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Deepak Chopra in the U.S. and Christians in Nepal

Two recent news stories from the same day (February 3, 2016) offered a strange twist that has implications for world missions. Deepak Chopra, the Hindu holistic health expert and author of 84 books, spent three days leading a workshop for MBA students at Columbia Business School in Manhattan. According to The Wall Street Journal, "Roughly 65 students sat in silent meditation, eyes closed, their smartphones and laptops stashed out of sight." The affable spiritual guide to Oprah Winfrey, Lady Gaga, and Arianna Huffington, among others, told students, "Bring your awareness into your heart. Ask, 'who am I?'" Then he invoked Hindu goddesses, featured a band of urban yogis, and asked students to diagram their "soul profile."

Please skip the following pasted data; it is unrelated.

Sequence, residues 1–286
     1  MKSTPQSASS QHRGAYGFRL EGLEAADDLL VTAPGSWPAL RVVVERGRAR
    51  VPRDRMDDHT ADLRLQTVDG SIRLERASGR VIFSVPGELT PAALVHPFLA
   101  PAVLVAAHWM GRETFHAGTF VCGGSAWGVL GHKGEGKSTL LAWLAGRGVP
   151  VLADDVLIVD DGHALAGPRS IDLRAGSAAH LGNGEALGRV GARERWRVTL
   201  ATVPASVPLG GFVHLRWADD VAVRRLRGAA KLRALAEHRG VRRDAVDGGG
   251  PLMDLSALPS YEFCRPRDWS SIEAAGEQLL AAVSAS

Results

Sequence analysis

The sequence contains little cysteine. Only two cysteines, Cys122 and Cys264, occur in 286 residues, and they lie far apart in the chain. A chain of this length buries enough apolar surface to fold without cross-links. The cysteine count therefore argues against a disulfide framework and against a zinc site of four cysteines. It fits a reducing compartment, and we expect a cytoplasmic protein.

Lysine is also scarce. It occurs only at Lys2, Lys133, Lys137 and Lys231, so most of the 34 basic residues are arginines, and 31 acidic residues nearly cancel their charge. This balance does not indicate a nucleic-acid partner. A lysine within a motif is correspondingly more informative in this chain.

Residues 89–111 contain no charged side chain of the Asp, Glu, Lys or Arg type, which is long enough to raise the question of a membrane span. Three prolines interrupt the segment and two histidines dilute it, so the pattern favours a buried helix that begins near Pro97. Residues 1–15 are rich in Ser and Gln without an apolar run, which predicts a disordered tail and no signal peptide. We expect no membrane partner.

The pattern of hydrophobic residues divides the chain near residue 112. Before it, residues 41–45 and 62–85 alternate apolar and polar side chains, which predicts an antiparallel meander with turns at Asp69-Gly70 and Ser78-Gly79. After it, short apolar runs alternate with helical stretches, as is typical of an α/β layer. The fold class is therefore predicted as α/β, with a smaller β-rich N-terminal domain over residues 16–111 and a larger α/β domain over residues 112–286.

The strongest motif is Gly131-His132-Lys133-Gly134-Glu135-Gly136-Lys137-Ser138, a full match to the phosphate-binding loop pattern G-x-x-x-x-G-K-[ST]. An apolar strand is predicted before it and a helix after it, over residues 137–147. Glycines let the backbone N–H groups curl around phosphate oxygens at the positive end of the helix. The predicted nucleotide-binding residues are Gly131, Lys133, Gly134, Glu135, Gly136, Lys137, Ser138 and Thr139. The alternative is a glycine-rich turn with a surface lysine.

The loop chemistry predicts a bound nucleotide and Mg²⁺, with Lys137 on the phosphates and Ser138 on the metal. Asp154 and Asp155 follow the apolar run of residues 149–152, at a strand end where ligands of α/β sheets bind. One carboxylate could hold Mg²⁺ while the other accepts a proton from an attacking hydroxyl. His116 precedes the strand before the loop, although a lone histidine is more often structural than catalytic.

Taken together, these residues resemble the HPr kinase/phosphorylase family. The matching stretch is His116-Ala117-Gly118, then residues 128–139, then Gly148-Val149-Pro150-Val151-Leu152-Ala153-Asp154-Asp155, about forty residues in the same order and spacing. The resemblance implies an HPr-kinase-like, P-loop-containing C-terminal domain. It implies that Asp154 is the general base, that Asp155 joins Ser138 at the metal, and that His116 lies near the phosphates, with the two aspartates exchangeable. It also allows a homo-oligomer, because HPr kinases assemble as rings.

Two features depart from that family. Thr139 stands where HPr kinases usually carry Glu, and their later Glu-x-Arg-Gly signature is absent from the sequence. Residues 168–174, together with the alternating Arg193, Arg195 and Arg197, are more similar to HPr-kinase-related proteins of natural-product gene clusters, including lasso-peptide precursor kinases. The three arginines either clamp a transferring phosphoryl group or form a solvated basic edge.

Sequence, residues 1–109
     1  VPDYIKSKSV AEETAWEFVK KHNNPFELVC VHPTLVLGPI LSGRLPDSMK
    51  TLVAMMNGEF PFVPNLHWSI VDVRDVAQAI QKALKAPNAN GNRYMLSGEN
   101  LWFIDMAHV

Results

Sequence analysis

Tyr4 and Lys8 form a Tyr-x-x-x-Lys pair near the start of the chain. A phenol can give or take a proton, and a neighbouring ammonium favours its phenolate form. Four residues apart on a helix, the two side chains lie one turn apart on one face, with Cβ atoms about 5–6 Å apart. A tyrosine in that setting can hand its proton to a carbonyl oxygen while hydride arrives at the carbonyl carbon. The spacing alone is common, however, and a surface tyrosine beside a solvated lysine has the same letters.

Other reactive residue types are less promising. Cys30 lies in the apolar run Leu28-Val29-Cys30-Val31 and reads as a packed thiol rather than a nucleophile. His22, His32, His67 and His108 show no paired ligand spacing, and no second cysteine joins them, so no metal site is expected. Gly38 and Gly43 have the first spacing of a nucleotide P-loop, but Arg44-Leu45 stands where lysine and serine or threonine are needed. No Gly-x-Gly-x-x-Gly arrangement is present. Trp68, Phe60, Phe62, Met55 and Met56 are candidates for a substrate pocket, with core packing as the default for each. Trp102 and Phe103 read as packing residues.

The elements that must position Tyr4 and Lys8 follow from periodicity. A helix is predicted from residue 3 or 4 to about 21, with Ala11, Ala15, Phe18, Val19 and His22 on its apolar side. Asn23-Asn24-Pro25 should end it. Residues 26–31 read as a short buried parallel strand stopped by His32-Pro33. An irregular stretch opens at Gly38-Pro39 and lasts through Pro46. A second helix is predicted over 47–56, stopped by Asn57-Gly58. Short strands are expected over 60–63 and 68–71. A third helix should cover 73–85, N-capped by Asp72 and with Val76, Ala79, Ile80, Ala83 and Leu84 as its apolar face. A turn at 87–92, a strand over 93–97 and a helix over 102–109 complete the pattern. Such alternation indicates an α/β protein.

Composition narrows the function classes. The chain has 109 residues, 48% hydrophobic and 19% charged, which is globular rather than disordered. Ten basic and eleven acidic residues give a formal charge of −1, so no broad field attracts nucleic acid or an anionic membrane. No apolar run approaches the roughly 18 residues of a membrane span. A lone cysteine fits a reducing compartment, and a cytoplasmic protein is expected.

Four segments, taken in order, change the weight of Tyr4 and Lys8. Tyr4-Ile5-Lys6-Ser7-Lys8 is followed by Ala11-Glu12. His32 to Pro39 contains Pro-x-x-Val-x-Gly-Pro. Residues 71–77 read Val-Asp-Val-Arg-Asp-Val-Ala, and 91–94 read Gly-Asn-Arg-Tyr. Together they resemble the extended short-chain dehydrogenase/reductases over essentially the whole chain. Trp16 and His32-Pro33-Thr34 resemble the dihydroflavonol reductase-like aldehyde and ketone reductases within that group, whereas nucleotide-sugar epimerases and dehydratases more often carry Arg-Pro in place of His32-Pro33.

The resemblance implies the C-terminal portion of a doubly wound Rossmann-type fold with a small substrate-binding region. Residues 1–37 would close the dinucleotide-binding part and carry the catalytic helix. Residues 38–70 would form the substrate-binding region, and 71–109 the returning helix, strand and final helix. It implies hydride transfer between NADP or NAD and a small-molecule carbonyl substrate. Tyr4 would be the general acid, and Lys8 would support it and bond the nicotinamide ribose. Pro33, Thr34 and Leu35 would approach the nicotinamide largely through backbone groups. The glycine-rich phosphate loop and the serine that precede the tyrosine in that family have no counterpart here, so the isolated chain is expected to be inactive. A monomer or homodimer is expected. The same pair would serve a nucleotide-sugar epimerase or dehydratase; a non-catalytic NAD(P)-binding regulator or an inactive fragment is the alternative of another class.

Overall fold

Meanwhile, on the other end of the earth in the largely Hindu nation of Nepal, Christianity and church planting are both exploding. An article on NPR noted, "Now [Nepal] has one of the fastest-growing Christian populations in the world." According to the national census the Christian population has grown from zero in 1951, to 458 Christians in Nepal in 1961, to 102,000 in 2001, and more than 375,000 a decade later. As missiologist Christopher J. H. Wright has said, "Missions is now from anywhere to everywhere."

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